Let’s look at a very specific example. In the summer of 2005, a three-bedroom, three-bathroom, 1,917-square-foot house in Fishers, Indiana, was purchased for $135,000 with a 20 percent down payment ($27,000) and a thirty-year mortgage. Fishers is an attractive Indianapolis suburb. The median family income is over $100,000 and Money magazine ranked Fishers among the top 50 places to live in the United States in 2005, 2006, 2008, 2010, and 2012.

I estimated the home dividend by making a list of the financial benefits and expenses from homeownership—the cash going in and the cash going out. Table 16-1 shows the estimated values for the first year. The details are explained in the Appendix at the end of this chapter.

TABLE 16-1. After-tax home dividend for a home in Fishers, Indiana.

Rent savings

$15,000

Mortgage payment

−$7,522

Property tax

−$2,619

Tax savings

$2,447

Insurance

–$334

Utilities

0

Maintenance

–$1,350

Home dividend

$5,622

The biggest benefit is the rent saving; the biggest expense is the mortgage payment.

The bottom line is a first-year home dividend of $5,622. After one year, the homeowners will have $5,622 more in their bank account than they would have if they were renting. Just like a stock portfolio that pays a $5,622 dividend, this $5,622 is their home dividend.

Is $5,622 a good return on their investment? As with stocks, we should compare the dividend with the size of the investment. When you buy a home, your investment is the cash you put up for the down payment and closing costs. Here, the down payment is $27,000. We’ll add $3,000 in closing costs to make it an even $30,000 investment. They invested $30,000, which they could otherwise have invested in stocks. The $5,622 first-year home dividend is a 19 percent after-tax rate of return on their investment! Where else could they invest $30,000 and get a $5,622 dividend the first year?

The home dividend will get bigger each year because rents will increase, but the mortgage payments won’t (if it is a fixed-rate mortgage). Let’s assume that rents, property taxes, insurance, and maintenance all grow by 3 percent a year. The home dividend will be $5,942 in the second year, $8,843 in the tenth year, $13,471 in the twentieth year, and $19,478 in the thirtieth year. Then the mortgage payments stop. The home dividend jumps to $27,744 in the thirty-first year and keeps on growing. What a great investment!

Just like stocks, we can calculate the present value of the home dividends and compare this intrinsic value to the $30,000 cost. Figure 16-1 shows the intrinsic values for after-tax required returns up to 30 percent. The breakeven return is 23.8 percent. This home is an attractive investment for any after-tax required return below 23.8 percent.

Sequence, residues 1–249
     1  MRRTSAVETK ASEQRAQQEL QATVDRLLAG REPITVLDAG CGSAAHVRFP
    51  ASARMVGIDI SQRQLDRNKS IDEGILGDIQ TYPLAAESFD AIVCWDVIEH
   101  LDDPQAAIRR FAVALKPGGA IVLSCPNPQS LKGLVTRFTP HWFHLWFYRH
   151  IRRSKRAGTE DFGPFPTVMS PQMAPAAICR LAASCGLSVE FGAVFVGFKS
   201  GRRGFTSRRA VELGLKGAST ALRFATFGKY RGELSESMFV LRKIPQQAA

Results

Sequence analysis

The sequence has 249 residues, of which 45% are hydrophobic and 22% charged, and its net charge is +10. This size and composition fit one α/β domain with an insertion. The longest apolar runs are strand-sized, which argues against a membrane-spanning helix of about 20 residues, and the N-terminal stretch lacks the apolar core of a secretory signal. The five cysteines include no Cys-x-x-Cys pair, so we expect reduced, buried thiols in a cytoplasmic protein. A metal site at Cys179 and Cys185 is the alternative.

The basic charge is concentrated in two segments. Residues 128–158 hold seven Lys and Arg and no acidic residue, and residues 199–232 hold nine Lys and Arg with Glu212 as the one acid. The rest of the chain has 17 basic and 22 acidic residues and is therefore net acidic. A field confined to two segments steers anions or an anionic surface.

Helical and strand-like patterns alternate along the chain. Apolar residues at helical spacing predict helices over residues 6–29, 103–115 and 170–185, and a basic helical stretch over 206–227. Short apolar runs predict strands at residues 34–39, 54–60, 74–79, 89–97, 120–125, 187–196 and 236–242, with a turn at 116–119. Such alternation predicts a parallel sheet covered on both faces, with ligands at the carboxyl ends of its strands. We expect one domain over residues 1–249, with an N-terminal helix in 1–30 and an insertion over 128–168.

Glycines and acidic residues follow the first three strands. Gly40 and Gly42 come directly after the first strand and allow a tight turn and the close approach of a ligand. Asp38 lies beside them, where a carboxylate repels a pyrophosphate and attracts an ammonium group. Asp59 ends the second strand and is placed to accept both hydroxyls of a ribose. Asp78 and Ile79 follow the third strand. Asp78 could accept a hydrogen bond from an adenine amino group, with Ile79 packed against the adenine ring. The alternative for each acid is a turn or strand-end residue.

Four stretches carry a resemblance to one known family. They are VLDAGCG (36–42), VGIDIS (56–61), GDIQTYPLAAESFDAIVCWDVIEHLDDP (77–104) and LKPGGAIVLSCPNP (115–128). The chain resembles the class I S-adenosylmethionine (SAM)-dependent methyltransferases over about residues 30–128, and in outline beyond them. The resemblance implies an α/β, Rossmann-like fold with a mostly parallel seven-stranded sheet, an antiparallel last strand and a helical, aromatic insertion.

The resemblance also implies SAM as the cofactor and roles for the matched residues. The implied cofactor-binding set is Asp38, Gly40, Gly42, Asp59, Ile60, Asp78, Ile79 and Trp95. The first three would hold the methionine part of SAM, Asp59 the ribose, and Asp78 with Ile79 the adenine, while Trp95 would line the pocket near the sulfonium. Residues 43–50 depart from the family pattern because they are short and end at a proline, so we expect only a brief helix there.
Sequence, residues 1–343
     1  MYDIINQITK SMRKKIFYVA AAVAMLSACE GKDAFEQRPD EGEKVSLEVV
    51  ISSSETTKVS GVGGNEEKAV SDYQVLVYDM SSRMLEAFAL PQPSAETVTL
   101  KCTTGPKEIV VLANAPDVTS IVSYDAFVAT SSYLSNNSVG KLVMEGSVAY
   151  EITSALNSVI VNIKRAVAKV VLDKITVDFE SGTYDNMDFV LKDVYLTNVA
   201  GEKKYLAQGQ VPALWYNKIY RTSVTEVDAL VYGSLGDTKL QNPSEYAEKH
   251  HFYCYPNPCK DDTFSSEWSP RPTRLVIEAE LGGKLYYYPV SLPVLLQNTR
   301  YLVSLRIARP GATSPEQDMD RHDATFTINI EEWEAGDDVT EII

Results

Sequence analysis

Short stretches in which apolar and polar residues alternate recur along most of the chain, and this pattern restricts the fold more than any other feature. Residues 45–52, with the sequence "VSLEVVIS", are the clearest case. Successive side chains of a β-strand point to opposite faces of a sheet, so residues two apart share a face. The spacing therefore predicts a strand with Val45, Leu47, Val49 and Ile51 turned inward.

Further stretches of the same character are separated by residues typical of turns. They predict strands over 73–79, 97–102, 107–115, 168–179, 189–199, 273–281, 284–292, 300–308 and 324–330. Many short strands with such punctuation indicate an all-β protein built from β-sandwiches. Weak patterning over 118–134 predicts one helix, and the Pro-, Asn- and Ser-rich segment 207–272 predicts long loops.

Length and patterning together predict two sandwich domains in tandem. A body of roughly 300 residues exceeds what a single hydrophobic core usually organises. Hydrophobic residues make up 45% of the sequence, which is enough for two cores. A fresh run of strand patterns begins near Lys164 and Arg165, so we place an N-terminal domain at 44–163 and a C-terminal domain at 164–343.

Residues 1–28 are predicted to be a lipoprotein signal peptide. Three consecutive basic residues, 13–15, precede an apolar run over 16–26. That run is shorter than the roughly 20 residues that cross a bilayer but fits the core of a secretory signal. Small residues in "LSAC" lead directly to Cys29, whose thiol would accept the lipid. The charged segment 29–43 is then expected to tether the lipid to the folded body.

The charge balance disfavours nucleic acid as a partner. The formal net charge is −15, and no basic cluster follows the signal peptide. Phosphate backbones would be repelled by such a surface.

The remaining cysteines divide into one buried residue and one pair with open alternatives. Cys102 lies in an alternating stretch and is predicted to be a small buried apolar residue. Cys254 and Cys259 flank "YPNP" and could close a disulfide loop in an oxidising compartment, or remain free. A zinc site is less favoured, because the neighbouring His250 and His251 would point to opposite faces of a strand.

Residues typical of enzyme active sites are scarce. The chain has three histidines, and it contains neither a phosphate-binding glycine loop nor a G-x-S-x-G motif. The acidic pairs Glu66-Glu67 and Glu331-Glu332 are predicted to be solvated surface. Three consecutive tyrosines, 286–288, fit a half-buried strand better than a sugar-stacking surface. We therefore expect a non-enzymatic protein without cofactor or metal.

For an after-tax required return of, say, 10 percent, the present value of this $30,000 investment is $106,000. This is like buying a stock for $30 a share that is really worth $106. For an after-tax required return of 5 percent, it is like paying $30 for a stock worth $476. These are genuine $100 bills on the sidewalk.

FIGURE 16-1. Present value of the home dividend

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CASH IS KING

When I presented this example at a conference organized by the Brookings Institution, a prominent economics professor said that I was wrong because his sister lives in Indianapolis and home prices there only go up by 2 to 3 percent a year. He missed the point completely. Why is this home in the Fishers suburb such a great investment? Not because I assumed home prices will increase rapidly. I didn’t make any assumptions at all about home prices! Just like the intrinsic value analysis of a stock, I assumed that the home buyer never sells. All the value comes from the income generated by the investment. A home is a money machine just like stocks.

Too many homeowners focus on comps and price appreciation when they should instead be thinking about their home dividend. When you buy a home to live in, you get home dividends equal to your rent savings and tax benefits minus your mortgage payments and other expenses. In the Fishers example, you would have to earn a 23.8 percent after-tax return on a $30,000 stock investment to do as well. Where are you going to find another investment that gives you such a wonderful return? Where are you going to find an investment that gives you as much pleasure as the home you live in?

We can also calculate the future value of your investment if you buy the Fishers home and invest the annual home dividend in a stock portfolio paying a modest 5 percent after-tax return each year. After thirty years, you will have $668,379 and be living in your home rent-free and mortgage-free. After fifty years, you will have $2,948,642.

I haven’t said anything yet about how much home prices increase. Now I will. Table 16-2 shows your total after-tax wealth, invested home dividends plus the value of your home, if home prices increase by zero, 3 percent, or 5 percent a year over the next fifty years.

TABLE 16-2. Future wealth from Fishers home, investing the home dividend at 5 percent.

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Even in the case of 5 percent annual price increases, most of the increase in your wealth comes from the home dividends.

Price appreciation can certainly be an added bonus, but it isn’t the most persuasive reason for buying a home. Don’t buy a home because you think the price will be 10 percent higher a year from now. Do buy a home because you plan to live in it for a while and believe that it is cheaper to pay off a mortgage than to pay a landlord.

THE LONG VIEW

Suppose that you live in one area for sixty years. And suppose that you change houses every ten or fifteen years. You marry and divorce. You have children and your children grow up. You change jobs and so on. For whatever reasons, you might own four or five different homes during these sixty or so years. Annual ups and downs in home prices aren’t all that important. If you sell your home for a higher price than you paid for it, you will also pay a high price for your next home. If you sell your home when prices are low, you will also pay a low price for your next home. Over long horizons, the income you get from owning your home—your home dividend—will usually be much more important than zigs and zags in home prices.